These are the elements of UI design. Now let's understand the same about UX design.
5 Important Elements of User Experience
Unlike UI design that follows the trends, UX design elements are based on trends and 'permanent' user requirements. Let's check out these elements one by one.
Ask yourself questions like:
-Is the product usable for the audience?
-How would they use it?
Ask yourself questions like:
-To whom is the product accessible?
-Is it specific to a region?
-How much would the customer spend on it?
Ask yourself questions like:
-Why should the customer trust you?
-What's your most trustworthy selling point?
-How can you make the user trust your product?
-Ask yourself questions like:
-Would it be of value to the customer?
-Does it serve a short-term or long-term purpose?
Ask yourself questions like:
-Would users want your product?
-Would they find it exciting and attractive?
These questions would derive the functions of UX design.
Now let's understand the most significant part of this blog: the main differences between UI and UX.
UI design VS UX design: Top 3 Differences
UI and UX. You know much about these terms to understand the differences. But, let's straightaway point out the three most significant differences between UI and UX design.
1. UI design means creating aesthetic, intuitive, and interactive interfaces. UX design means creating a product that solves user problems and provides an optimum experience.
2. UX design is the first stage of any product development stage. This is followed by UI design. Basically, UI design is the skeleton of any product. It decides the shape. UI design is the skin of the product.
3. UX applies to any product or service, physical or digital. UI is specific to digital products and experiences.
The picture below mentions the differences clearly.
The intersection between UI and UX design
So far, you know the differences between UI and UX. Now, let's understand how these two terminologies can work together. More importantly, is one more significant than the other? Certainly not. UI and UX have different functions that are important in their respective ways.
However, we can call UI the icing on UX. Why? Because it decides how you attract the 'viewers'. In this digital era, what matters is how well you can attract someone with appearances. Imagine you have a fantastic idea in store that could potentially change trends for the better. But, you have displayed the idea poorly, which leaves the product misunderstood and underestimated.
See, a UX designer will always tell you the kind of product your audience is looking for. Or, they can tell you the kind of audience your product will appeal to. Based on that, the journey will be mapped out.
But, when they download the product, they find that it doesn't look impressive enough. The information provided is stale, the font is too large or too small, and the navigation is confusing. Even the buttons are placed too close to each other, which makes it difficult to hit the right option. In such cases, your product will face more backlash and, eventually, get cancelled.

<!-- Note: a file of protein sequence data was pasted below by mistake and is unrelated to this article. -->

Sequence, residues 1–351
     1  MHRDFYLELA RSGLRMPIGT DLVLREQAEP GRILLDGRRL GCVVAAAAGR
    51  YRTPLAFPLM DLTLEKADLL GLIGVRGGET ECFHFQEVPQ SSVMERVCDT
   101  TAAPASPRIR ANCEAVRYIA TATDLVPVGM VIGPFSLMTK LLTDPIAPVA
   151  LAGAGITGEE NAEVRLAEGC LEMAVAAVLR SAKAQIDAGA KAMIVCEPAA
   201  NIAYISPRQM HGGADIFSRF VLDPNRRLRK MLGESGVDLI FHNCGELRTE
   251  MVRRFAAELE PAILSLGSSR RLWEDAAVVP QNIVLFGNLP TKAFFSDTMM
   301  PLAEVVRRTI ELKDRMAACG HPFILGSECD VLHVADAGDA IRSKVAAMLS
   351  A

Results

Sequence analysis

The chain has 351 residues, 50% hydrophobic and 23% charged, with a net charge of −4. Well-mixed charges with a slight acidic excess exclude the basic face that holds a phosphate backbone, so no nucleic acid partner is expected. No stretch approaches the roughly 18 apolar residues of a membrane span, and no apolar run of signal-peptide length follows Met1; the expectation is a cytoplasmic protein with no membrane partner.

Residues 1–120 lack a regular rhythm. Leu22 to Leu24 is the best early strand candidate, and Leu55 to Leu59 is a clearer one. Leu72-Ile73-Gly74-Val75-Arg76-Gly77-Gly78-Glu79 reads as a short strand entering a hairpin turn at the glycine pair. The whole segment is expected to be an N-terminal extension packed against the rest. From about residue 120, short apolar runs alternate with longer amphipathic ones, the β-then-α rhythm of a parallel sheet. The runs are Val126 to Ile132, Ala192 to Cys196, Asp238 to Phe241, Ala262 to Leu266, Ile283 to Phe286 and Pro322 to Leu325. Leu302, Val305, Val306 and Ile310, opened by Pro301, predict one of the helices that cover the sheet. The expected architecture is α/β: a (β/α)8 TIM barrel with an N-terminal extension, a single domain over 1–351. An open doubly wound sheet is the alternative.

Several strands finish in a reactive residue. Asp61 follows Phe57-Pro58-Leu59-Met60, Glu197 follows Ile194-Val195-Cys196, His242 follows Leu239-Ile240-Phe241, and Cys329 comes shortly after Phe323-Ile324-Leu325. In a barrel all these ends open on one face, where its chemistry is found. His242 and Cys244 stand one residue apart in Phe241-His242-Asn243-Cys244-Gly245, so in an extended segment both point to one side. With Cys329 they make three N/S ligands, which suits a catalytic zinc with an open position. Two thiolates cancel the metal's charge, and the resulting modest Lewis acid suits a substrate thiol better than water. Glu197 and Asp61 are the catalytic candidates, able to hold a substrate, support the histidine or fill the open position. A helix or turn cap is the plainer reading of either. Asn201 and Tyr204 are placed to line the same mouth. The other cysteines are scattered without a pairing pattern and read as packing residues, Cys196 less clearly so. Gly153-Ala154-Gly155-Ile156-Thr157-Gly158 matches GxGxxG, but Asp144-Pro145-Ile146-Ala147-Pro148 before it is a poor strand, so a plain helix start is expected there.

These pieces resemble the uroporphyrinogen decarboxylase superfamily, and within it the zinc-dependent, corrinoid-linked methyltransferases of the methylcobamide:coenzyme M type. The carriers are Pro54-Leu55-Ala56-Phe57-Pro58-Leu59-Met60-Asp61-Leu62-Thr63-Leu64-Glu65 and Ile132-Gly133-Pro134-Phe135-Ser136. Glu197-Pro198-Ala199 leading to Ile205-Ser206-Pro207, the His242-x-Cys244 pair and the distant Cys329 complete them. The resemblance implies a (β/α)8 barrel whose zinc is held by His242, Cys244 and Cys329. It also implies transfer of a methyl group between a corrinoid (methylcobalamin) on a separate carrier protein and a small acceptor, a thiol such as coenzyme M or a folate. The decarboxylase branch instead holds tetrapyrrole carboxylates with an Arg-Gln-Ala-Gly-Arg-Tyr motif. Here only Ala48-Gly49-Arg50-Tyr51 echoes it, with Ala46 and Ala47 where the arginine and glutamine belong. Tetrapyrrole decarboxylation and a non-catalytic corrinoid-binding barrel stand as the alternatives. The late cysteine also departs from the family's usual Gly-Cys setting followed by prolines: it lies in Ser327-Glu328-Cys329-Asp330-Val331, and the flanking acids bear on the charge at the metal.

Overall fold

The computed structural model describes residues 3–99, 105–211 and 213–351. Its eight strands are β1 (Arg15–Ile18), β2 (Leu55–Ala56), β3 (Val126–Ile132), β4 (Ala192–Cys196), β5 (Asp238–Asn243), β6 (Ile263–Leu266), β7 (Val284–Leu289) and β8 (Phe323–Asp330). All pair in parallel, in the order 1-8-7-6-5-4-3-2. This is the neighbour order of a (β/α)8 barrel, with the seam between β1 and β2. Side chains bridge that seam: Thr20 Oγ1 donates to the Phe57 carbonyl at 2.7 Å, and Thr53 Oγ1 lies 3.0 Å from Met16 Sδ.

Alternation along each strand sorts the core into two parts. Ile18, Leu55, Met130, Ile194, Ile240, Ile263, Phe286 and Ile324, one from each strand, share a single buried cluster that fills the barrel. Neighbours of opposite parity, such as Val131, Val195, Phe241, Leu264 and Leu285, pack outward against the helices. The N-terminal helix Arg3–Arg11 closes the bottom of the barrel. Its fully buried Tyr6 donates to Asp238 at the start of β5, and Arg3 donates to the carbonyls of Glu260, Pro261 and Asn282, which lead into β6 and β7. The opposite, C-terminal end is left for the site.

Now, notice the top apps most people use these days. Take Netflix, for instance. The app is simple yet sorted. You find a neatly placed menu, and the red and black colour scheme is on point. The app must have taken a lot of effort, yet it seems like an effortless display. That's a classic example of excellent UI implementation.
So, when it comes to any product design, UI and UX design come together to provide a wholesome experience. The market is exclusively competitive. This is why UI and UX must be given equal attention. Moreover, because these two concepts complement each other, they produce better results. Check out various UI and UX software, design skills, and more to get a thorough perspective.
Want more examples of UI/UX design? Check out this video by Suzam UI Design.
Talking about the intersection between UI and UX, let's address another critical aspect. Why do companies ask for UI/UX design skills in a single job post? Let's discuss this in the next section.
Why are UI/UX job roles advertised as one?
UI and UX are two different skills. But, the skills share some similarities as well. The picture below explains the similarities between UI and UX.
But are these similarities enough to combine these different skills in a single job post? The corporate world seems to think so, and here's why.
In the grand scheme of things, UI and UX work the best when put together. These are relatively new concepts that are extremely specific to the tech industry. And most companies put the two skills together to explore the best results. The business value is added to the design concept in both skills.
While some recruiters consider both to be similar skills, most companies understand the differences and still opt for versatile designers. Moreover, UI and UX focus on shared skills, like:
-Wireframe and prototyping
-User research and analysis
Even if you don't have both skills at once, you must have the basic understanding to be a UI/UX developer.